"This made an impression ... They began little by little to realize that I had by then read such books as they were unable to read, and understood such things (not part of our special course) as they had never even heard of. This they regarded wildly and derisively, but morally they submitted ..." (P&V)

"Morally they submitted" sounds so much more appropriate than "morally they accepted defeat."

Then there was this enigmatic denouement that we didn't entirely understand, but felt that somehow it was aimed at us:

"We are born dead, and moreover we have long ceased to be the sons of living fathers; and we've become more and more contented with our condition ... Soon we shall invent a method of being born from an idea." (Coulson)

"We're stillborn, and we have long ceased to be born of living fathers, and we like this more and more ... soon we'll contrive to be born somehow from an idea." (P&V)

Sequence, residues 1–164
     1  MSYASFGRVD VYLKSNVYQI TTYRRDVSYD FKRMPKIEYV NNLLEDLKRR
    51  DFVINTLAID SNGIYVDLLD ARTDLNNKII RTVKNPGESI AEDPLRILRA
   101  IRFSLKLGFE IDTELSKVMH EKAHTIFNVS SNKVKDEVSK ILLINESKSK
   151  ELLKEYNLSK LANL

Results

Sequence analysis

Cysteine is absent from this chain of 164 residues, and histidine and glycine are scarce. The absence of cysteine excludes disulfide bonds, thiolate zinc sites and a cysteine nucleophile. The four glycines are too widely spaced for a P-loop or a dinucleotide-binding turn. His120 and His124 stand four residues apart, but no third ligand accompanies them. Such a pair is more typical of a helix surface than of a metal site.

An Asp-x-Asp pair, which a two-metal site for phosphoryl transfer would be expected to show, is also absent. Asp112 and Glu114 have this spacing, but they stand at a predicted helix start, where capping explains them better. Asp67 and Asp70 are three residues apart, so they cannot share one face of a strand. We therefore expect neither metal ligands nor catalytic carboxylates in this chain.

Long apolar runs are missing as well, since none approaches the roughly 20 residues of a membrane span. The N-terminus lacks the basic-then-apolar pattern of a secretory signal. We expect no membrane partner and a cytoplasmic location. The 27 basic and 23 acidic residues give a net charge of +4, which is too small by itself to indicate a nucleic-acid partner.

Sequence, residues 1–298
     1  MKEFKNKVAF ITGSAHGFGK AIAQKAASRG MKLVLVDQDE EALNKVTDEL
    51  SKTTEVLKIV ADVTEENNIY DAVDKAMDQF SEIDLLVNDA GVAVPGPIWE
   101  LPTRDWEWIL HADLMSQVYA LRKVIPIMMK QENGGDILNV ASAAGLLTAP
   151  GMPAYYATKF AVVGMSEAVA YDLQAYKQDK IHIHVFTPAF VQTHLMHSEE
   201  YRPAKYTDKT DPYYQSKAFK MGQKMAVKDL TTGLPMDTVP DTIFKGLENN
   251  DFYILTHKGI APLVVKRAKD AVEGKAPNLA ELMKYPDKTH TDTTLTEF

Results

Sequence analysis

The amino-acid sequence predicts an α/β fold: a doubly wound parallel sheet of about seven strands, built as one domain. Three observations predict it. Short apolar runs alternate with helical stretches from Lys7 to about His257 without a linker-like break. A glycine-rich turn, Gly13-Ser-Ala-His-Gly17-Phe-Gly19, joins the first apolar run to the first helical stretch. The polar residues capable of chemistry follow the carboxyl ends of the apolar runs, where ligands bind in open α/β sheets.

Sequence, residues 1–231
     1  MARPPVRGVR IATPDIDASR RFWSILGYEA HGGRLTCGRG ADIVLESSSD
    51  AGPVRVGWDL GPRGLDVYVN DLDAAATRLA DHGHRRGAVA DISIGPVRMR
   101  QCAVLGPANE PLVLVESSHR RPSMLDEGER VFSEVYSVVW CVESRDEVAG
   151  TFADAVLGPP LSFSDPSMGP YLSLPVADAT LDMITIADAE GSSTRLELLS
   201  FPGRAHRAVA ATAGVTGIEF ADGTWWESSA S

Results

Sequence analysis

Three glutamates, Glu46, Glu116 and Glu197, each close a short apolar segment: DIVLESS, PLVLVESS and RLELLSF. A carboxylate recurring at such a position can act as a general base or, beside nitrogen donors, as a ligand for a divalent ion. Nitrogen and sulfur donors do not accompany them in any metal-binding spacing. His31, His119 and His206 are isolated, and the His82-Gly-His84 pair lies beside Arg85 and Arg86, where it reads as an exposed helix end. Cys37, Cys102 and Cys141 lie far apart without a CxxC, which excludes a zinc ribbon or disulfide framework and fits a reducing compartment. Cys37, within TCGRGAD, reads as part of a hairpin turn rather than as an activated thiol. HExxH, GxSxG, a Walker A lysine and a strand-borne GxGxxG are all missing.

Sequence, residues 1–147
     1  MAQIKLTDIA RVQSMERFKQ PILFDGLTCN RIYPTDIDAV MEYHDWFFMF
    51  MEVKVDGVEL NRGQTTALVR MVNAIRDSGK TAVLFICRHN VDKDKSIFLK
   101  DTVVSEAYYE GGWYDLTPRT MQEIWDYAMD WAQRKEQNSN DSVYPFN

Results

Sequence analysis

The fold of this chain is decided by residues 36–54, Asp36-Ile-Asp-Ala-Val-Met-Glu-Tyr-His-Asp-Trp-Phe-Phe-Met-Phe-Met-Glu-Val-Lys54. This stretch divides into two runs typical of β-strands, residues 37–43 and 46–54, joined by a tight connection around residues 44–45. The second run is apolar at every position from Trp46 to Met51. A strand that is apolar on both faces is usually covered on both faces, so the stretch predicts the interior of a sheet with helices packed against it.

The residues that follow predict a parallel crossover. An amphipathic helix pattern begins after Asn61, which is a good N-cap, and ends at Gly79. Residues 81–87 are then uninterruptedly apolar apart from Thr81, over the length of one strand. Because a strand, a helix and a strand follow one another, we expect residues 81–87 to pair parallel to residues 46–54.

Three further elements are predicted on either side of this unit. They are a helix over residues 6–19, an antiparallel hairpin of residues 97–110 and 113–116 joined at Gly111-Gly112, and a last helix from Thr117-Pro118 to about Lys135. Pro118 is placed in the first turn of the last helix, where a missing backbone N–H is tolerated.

Even a superficial reading of those two passages shows you why Pevear and Volokhonsky's translation is superior. They say more in fewer words. Freed from the tedious clutter of stilted and pompous language, "Notes From Underground" pulses with life and even some sardonic humor. Certainly one important aspect of the novel now comes into clearer focus, which is that Dostoevsky, a devout Christian and a political conservative, was not advocating nihilism but mocking it.

Vladimir Nabokov once cautioned Edmund Wilson to "remember that not all Russians love Dostoevsky as much as most Americans do." I hope, then, that Pevear and Volokhonsky will not be offended if I say that in their translation Dostoevsky has never seemed more American.

Allen Barra

Allen Barra is the author of "Inventing Wyatt Earp: His Life and Many Legends."